“The material part of these dinners, in addition to dishes known to northern residents, is decorated with fresh plants from the shores of the Bosporus, figs saccharified with their own juice, mealy Turkish delight and a rich tribute to the Black Sea: a variety of flounders, scaly mackerel, crabs, shrimps and others and others.” (from Morozov’s article “Holidays of the Nativity of Christ and New Year in Odessa”).
New Year’s houses were also decorated with various sweet things: people used to buy artificial fir trees and decorated them with Crimean apples, almonds, and nuts. Glass toys have long been an expensive pleasure, they could cost up to 20 rubles (an amount that was inaccessible to many people), so only wealthy Odessa citizens could afford them.
On New Year’s Eve 1900, the completely rebuilt Londonskaya Hotel on Primorsky Boulevard was solemnly opened. “Especially for the holiday, fresh asparagus, brie and camembert were ordered from Paris.”
The well-to-do public went for gifts and new clothes for the New Year in the Palais Royal next to the City Theatre, shopping arcade opened in the late 1840s. The best stores were located here: the European Bazaar by Maria Straz with luxurious dresses, Wagner’s department store, the studio of the Parisian tailor Langlet and many others. Here one could buy jewelry, books, silk and crystal.
People came here for a cup of coffee at the famous confectionery of Jean-Baptiste Karuta or for chocolates to the Austrian Adolph Zambrini. The visit to the Palais Royal was a kind of secular ritual.
At the end of the 19th century, the “Passage” on Deribasovskaya Street was opened, a first-class hotel and a modern shopping center, which pulled all the glory and popularity over to itself.
Here one could buy gifts for every taste: dishes from the famous Kuznetsov factory, English perfumery and Parisian brooches in Audersky’s store, gramophones and musical instruments, chocolates from the Polish company Bonbons de Varsovie, diamond products, etc.
Christmas decorations were also available: “Cheap and nice. Toys, Christmas tree decorations in Alla Shipova shop inside the Passage in the corner” (from an advertisement in the newspaper “Odesskiy listok” for December 20, 1912).
You could buy New Year’s gifts and decorations in one more place – the famous Petrokokino store on Grecheskaya Street. It was deservedly called nothing less than the “Odessa Louvre”: it was a beautiful building with luxurious decoration, built by the architect Bernardazzi in 1896.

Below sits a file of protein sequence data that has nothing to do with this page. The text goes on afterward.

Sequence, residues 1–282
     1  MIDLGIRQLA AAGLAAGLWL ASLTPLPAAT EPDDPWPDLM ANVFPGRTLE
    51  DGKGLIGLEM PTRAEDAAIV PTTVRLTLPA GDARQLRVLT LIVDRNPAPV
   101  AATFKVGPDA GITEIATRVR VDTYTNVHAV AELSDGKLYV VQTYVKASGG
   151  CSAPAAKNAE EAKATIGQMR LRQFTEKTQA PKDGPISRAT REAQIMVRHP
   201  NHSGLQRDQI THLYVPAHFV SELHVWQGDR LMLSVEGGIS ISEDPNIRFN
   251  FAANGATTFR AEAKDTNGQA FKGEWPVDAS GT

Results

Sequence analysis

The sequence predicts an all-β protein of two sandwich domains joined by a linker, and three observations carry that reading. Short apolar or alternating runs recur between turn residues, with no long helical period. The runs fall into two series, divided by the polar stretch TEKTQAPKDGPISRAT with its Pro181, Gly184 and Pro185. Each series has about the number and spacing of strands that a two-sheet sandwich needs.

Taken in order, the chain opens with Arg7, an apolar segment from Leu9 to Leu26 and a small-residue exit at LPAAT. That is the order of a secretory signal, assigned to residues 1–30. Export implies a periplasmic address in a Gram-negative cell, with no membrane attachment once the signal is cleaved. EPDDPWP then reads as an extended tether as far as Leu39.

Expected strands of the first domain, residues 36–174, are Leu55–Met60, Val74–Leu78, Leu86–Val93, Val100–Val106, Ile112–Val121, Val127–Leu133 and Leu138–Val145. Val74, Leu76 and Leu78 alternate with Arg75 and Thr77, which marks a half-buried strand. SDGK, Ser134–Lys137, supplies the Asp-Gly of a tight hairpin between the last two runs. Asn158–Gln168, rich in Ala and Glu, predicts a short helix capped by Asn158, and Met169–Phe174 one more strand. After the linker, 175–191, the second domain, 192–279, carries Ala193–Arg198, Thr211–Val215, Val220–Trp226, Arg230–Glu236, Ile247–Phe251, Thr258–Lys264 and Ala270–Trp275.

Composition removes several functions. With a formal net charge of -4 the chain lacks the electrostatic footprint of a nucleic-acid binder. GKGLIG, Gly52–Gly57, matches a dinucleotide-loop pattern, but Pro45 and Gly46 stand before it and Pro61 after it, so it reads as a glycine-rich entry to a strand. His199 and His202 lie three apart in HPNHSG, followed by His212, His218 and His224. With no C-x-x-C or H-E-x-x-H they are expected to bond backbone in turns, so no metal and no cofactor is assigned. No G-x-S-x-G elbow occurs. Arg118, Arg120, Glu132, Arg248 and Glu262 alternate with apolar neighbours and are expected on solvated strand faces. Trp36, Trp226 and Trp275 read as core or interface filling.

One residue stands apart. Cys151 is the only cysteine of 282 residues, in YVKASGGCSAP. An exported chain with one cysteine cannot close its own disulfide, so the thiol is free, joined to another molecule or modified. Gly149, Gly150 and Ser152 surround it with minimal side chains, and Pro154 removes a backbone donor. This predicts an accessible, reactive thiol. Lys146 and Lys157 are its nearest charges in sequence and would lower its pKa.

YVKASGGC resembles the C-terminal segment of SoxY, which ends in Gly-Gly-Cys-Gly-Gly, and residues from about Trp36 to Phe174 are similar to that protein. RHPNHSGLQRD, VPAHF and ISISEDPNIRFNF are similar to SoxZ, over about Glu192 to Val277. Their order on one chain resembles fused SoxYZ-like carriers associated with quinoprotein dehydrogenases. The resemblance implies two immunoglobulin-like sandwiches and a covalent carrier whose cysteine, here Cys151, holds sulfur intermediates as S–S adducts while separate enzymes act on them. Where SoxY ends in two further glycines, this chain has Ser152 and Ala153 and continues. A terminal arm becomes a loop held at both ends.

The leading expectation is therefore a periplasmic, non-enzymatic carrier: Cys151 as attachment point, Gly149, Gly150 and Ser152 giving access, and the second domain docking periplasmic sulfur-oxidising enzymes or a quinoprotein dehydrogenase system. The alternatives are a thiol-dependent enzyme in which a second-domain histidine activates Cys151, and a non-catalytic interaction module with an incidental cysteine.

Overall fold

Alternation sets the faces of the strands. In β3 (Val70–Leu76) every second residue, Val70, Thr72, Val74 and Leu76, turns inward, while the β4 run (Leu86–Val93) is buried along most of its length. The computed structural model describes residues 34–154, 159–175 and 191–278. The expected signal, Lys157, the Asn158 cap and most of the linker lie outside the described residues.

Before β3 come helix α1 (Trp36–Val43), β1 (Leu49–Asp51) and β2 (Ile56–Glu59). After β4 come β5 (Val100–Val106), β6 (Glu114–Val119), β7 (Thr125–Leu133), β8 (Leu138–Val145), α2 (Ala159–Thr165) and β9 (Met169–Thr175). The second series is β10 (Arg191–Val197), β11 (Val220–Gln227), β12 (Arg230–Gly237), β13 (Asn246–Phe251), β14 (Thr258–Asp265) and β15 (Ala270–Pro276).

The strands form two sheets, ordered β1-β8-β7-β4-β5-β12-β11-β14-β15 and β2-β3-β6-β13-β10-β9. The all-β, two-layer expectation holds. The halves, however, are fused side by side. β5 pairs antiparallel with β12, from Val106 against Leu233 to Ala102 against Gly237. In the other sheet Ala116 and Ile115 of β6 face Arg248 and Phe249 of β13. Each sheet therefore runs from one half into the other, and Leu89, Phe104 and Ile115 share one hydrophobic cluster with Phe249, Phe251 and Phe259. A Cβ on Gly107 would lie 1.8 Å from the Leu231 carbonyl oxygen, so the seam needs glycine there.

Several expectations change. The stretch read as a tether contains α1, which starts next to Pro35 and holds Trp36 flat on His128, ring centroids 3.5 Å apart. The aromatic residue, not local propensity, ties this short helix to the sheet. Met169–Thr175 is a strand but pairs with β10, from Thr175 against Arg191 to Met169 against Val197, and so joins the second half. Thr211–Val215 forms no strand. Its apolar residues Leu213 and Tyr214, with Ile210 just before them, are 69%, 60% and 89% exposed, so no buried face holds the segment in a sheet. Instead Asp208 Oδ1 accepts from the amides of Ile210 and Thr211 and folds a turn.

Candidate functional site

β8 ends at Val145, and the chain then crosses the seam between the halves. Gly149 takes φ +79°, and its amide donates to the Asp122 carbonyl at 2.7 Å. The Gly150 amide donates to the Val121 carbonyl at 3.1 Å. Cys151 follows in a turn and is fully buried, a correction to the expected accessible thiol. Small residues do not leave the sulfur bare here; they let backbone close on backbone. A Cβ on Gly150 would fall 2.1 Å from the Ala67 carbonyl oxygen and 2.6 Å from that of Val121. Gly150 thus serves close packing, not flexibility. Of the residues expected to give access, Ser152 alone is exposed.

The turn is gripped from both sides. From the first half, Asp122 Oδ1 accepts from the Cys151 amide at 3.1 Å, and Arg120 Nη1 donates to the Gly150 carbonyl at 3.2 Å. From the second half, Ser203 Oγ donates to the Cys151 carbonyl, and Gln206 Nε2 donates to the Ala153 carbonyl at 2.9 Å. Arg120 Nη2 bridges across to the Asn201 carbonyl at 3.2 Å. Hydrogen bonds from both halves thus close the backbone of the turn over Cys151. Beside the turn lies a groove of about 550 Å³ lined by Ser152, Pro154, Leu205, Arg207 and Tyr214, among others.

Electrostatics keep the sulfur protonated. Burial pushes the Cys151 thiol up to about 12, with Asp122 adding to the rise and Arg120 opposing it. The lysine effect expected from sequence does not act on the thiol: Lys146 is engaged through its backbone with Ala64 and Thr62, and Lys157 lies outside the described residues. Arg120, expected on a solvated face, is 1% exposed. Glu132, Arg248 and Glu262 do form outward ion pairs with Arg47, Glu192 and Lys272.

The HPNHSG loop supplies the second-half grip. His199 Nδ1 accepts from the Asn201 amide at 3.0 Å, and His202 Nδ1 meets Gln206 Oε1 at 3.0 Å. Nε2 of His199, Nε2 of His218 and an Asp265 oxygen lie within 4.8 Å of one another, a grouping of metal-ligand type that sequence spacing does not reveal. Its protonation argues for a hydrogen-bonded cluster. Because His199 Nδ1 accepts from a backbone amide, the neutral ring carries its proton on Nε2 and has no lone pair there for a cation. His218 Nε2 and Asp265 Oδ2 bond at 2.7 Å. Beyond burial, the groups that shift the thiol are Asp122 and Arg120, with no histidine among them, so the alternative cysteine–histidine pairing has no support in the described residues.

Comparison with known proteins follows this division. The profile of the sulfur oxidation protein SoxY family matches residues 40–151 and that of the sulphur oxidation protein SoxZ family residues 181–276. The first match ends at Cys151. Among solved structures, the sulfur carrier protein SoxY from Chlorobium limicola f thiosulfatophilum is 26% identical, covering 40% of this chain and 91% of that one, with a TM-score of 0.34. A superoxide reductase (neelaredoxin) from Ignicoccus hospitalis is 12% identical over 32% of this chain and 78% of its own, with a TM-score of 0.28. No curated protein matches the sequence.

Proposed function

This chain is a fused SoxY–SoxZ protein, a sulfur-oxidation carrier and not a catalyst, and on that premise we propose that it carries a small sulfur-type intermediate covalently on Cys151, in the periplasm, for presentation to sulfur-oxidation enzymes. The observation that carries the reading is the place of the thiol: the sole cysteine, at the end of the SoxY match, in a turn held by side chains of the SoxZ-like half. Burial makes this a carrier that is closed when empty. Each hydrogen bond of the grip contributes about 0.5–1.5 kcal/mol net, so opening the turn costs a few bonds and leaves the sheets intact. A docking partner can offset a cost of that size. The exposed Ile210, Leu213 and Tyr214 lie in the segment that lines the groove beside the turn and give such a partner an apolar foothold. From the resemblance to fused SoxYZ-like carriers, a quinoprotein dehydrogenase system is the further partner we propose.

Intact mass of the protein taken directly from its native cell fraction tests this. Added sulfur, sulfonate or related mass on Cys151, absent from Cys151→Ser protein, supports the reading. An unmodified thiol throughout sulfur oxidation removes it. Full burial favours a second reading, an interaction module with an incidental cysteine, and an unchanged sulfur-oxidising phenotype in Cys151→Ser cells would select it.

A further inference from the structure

Here the discerning buyer could find everything: dishes, bathtubs, furniture, sports goods, cameras, car parts and much, much more.
Every year, starting November 15, the store hosted a large exhibition of New Year’s tree decorations and children’s toys. The building, unfortunately, has not survived to this day, it was damaged (like the neighbouring house of Brodsky) during the Second World War, today a soviet building stands in its place. And the beauty of the “Odessa Louvre” can be imagined only from old illustrations.
In Odessa, there were strong traditions of charity events, especially on the eve of such holidays as New Year and Christmas. It was a common practice to hold charity performances.
Charitable initiatives were undertaken not only by mayors or city councilors, but also by secular people. Among them, it is worth mentioning Elena Demidova, Princess of San Donato, who was an active benefactor of many societies.
For example, she helped financially to the diocesan women’s school, supported several female clergy students; once she sent 200 rubles for a New Year’s tree arrangement. She also provided assistance to the Odessa School for the Blind.
This school was opened in 1887, since the end of the 1890s it was located at the former dacha of Matvey Mavrokordato (the building has been preserved and is located at French Boulevard, 40). Every year, Princess San Donato together with Countess Elena Tolstaya organized a celebration for this school: an orchestra and singers were invited for children, a New Year’s gift was bought for each pupil.
During the First World War, many New Year’s evenings and masquerades were paid. The money was collected with the aim of providing assistance to the poor townspeople and students, the front and hospitals.
There are documents confirming that the celebrations did not stop even in 1919, i.e. in the midst of the civil war. In Soviet times, there were anti New Year celebration campaigns, then – the return of the holiday, but this is a completely different story.